if wanting to post bigwigs (bw) and bed files to IGV, place php file such as shown below into the directory where you add these bw and beds, then simply list these php files in your igv_registry.txt file!
As a licensed American driver, you are given one year of ‘grace’ before having to get a valid UK license. In my case, the year came and went all too quickly once I moved to Norwich (in the east of England) as the first 6 months were spent gleefully exploring with our car-share, and last six somewhat waylaid by COVID and not worrying about driving too much. I will spare you the sob-story, as we all went through the same tough stuff. The bottom line is, it’s July 2021 and I finally got my license. It was a challenge, but not so difficult, and here’s how I did it in case you’re in the same boat as me (I am a researcher doing a postdoc abroad):
step 1: use the first year (grace period) to get lots of time behind the wheel to learn about driving on the ‘wrong side’ of the road and to get comfortable with the stick shift on the opposite hand
I used a car share service called co-wheels, which was simple to set up. My wife and I, along with our dog Rosco, could go all over Norfolk and Suffolk doing day trips (£45 per day for the car) or quick trips (£5 per hour more or less). So we did — I drove a lot. That taught me loads that would not have been possible by simply driving a few hours with an instructor. We also took overnight long-haul trips to visit family in the Midlands, and then took a weeklong trip to Wales. The narrow hedgerows, blindspots, soft verges, stone walls, herds of sheep, and single track roads all seemed daunting at the beginning, and then you just… get used to it. It makes sense getting a license here requires jumping through some hoops — it’s more challenging to drive here!
step 2: get a provisional license and the DVSA book on driving, read through the book then take some practice theory tests on your phone via an app (pick an app, they’re all similar)
To get a provisional license, you simply request one through the government website and pay about £40. It doesn’t matter that you already have a license from the US. You are basically a teenager again. The ID then shows up at your door, and is practically useless (except when you really need it: to take your theory test, to do lessons, and take your driving test). The driving manual from DVSA was helpful to prepare for the theory test, which in my opinion required more prep time than the actual driving test. It’s over 300 pages, but it’s a quick read — there’s also an index, so you can just dive into the practice theory tests then flip to the relevant pages for things you can’t reason out and/or the ones that make no sense, like the difference between a zebra, pelican, toucan, and whatever the heck else kind of cross walk.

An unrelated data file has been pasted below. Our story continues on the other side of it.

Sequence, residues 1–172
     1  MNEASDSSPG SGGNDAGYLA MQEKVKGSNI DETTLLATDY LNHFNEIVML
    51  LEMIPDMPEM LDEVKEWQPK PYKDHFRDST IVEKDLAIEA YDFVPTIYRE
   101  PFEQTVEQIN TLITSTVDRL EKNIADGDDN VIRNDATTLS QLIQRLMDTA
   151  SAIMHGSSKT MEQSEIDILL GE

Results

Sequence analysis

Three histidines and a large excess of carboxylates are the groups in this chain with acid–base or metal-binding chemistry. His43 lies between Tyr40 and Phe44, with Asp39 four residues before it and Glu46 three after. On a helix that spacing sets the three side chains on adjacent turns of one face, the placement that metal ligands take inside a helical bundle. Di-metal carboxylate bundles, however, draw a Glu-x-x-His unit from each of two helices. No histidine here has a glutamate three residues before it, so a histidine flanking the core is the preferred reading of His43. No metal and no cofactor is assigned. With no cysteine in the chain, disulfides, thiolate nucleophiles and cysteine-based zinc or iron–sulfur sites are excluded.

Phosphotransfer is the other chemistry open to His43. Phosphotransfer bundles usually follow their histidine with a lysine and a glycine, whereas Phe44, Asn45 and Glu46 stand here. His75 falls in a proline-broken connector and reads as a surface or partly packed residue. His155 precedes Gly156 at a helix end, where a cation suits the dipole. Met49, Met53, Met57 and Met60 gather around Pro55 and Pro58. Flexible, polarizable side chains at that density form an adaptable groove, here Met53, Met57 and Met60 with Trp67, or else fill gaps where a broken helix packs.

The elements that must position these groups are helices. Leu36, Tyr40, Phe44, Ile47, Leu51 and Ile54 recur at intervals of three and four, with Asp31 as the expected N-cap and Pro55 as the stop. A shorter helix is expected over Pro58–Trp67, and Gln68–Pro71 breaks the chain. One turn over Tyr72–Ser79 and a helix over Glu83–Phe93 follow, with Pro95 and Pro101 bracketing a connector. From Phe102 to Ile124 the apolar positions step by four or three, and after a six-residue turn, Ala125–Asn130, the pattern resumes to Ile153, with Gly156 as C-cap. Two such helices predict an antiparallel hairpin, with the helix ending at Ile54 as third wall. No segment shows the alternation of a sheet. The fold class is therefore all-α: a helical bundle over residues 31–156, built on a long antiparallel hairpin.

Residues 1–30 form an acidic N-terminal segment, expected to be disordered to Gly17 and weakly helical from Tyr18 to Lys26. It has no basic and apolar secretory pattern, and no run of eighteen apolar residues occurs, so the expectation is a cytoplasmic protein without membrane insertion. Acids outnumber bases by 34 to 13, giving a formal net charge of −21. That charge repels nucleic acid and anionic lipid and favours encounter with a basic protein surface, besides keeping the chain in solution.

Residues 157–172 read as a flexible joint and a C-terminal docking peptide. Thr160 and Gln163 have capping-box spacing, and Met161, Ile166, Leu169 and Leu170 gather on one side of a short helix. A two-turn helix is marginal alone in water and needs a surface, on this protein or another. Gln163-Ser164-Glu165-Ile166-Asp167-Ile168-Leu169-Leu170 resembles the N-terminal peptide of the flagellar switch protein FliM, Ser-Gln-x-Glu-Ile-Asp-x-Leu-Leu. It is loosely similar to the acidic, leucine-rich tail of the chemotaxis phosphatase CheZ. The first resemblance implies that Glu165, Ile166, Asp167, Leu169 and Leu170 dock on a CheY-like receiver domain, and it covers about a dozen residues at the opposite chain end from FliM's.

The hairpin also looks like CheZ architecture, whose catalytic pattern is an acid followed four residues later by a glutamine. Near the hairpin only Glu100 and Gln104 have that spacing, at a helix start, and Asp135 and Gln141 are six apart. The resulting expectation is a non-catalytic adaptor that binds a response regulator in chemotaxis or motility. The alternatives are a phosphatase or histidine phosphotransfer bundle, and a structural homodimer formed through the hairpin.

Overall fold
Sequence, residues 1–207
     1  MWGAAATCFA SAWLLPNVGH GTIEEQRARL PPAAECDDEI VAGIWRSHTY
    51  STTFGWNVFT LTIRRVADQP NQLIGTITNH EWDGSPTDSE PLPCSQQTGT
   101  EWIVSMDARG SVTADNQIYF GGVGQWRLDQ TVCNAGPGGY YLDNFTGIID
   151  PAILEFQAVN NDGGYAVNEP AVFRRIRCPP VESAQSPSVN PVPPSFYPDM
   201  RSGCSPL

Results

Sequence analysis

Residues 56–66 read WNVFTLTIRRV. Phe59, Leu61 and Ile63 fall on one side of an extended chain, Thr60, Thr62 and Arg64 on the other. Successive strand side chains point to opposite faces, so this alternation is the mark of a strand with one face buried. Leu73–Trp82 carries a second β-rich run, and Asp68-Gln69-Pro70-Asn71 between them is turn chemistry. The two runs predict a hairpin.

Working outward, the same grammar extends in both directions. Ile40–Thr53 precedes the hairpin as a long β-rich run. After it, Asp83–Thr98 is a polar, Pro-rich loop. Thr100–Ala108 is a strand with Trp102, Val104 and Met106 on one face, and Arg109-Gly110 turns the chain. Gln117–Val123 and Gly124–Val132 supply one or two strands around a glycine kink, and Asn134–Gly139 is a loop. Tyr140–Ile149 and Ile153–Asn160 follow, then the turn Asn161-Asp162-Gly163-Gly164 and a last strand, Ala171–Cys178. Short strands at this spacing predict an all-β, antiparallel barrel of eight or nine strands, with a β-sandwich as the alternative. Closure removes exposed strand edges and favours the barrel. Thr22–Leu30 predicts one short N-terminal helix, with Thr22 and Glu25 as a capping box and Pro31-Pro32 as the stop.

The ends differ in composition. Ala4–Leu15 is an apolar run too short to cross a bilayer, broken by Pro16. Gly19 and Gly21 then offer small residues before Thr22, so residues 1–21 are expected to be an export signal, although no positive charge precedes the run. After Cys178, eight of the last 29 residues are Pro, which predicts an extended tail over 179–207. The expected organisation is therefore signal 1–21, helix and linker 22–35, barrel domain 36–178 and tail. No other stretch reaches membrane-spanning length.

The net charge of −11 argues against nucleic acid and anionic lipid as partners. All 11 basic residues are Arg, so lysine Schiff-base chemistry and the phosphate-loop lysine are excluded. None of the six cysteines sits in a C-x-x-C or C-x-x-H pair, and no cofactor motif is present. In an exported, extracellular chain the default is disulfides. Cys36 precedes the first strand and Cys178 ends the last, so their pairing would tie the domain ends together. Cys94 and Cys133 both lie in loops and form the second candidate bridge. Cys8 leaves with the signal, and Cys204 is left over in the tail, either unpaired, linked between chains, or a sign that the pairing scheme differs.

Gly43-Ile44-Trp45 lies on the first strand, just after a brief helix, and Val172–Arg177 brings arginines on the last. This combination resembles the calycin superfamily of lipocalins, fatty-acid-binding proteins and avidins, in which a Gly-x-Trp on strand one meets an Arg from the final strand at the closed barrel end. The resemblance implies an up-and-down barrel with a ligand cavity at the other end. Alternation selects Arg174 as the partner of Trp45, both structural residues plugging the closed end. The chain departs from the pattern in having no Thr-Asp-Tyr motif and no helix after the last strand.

step 3: pass your theory test
just take the tests on your phone until you get only a one or two incorrect each test, then you are ready! When I took the test, there was also a section called hazard perception, which I had no preparation for whatsoever, but was able to pass by teeth-skin. So… perhaps look into trying a few hazard perception questions before you go; I suspect you can get demo ones from the same companies as supply the mock test apps.
step 4: schedule your driving test and get an instructor to do some lessons with
Once you know where your test will take place, a knowledgable instructor should be able to show you some of the possible routes that you will drive during the test. This is really valuable, as having seen the physical environment in advance you will be a lot more relaxed out on test day. Also, if you’re doing some little weird things like not checking your mirrors enough (or, obviously enough for the examiner to notice), the instructor will tell you this. 15 “minor faults” is all it takes to fail, so it’s best to just get the instructor to tell you what your problems are before the day comes. I watched some youtube videos on how to properly sequence the mirror check, turn signal, maneuver… which sounds absurd maybe but for me, just seeing someone doing it sort of reinforced it and helped in the long run.
step 5: day of test
get a bit of driving and maneuvering in before you sit for the test. My instructor was really good the day of test and gave me about an hour to reaquaint myself with the car (a Vauxhall Mokka) before the exam. Afterward, we had a quick look under the bonnet (hood) in case one of the “show me” questions involved this, and then just waited for the instructors to appear at the test center and call my name. The tell me questions are some basic ones you just have to memorize (compared to the theory test they’re very easy, and they’re only 14 of them and all are clearly listed on the DVSA gov. website).